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Weight Loss Surgery Effective for Teens, Study Finds

Update Date: Nov 06, 2015 09:30 AM EST
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Weight loss surgery can be an effective option for obese teenagers, a new study found. According to the researchers, obese teens experienced weight loss and health gains for at least three years after their procedure.

For this study, which is the largest and longest one yet involving obesity surgery, researchers analyzed a sample set of 228 teens between the ages of 13 and 19 who had obesity-related health conditions, such as type 2 diabetes and high blood pressure prior to surgery. After undergoing obesity surgery, the researchers found that the participants experienced a lot of health gains, such as a reduction in triglyceride levels.

Conditions such as, high blood pressure, abnormal kidney function and prediabetes disappeared in the majority of the participants post surgery.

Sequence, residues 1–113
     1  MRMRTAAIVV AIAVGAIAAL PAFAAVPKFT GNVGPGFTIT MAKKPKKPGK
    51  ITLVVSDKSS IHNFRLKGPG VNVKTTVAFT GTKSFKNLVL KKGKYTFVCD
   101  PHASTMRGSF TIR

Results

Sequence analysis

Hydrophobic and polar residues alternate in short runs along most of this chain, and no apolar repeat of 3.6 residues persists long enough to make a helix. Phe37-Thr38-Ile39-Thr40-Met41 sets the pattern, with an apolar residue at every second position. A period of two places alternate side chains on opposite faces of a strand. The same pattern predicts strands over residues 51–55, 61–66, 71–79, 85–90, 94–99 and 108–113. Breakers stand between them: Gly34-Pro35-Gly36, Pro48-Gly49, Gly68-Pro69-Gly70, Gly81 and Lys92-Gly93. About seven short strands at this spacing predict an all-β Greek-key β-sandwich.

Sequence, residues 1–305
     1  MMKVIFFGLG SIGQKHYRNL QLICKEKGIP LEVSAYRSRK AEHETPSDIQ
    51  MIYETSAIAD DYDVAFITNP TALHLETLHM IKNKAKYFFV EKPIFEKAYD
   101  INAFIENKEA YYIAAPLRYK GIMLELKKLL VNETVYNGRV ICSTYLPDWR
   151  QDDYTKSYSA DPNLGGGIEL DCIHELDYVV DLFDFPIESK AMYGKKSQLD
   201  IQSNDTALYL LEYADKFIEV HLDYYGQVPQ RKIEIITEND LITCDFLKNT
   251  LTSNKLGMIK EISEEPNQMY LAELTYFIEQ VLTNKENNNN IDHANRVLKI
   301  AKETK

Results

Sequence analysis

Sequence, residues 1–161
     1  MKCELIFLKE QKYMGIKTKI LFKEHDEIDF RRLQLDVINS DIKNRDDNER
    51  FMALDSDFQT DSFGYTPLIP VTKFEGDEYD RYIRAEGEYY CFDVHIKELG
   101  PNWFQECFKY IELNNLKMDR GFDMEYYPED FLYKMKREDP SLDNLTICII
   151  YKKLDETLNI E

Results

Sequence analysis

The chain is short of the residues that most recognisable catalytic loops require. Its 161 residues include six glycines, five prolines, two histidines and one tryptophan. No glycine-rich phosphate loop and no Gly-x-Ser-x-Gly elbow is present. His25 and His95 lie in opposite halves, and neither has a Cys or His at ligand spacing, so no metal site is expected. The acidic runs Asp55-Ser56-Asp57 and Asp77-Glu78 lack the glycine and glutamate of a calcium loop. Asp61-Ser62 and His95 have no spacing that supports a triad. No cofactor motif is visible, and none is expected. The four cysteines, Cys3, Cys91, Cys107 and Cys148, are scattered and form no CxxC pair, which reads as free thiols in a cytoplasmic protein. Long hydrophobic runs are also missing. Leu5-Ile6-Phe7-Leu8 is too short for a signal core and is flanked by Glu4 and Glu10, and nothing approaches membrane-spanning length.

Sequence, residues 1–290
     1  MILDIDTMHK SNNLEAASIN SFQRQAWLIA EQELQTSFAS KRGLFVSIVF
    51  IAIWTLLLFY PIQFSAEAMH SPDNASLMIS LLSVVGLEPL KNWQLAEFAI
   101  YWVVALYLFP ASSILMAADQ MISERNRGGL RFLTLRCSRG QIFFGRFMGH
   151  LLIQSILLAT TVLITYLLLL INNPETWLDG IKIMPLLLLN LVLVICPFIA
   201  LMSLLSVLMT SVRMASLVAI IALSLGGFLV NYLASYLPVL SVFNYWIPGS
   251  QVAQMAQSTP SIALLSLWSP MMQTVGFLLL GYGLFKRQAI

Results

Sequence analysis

Average weight loss for the participants was 90 pounds. Since the majority of the participants were over 300 pounds at the start of the study, only a small percentage of them were able to reach a normal weight (five percent). The average weight at the start of the study was around 330.

Despite the gains, the researchers also found some health consequences. More than 50 percent of the participants had low iron levels and a few of them had vitamin deficiencies. 13 percent of them had to undergo more surgeries. The majority of the additional operations were related to the gallstones. The researchers added that there was one death that was not related to surgery.

One of the participants, Miranda Taylor, who is currently a nursing student, talked about her experience. Taylor had obesity surgery when she was 16-years-old. At the time, she weighed 265 pounds.

"I feel awesome," she said reported by the New York Daily News. "It's like a new life."

Taylor stated that not only did she lose weight, she also experienced fewer depressive symptoms. On top of that, she did not have prediabetes and a hormonal condition that was linked to obesity.

The study was published in the New England Journal of Medicine.

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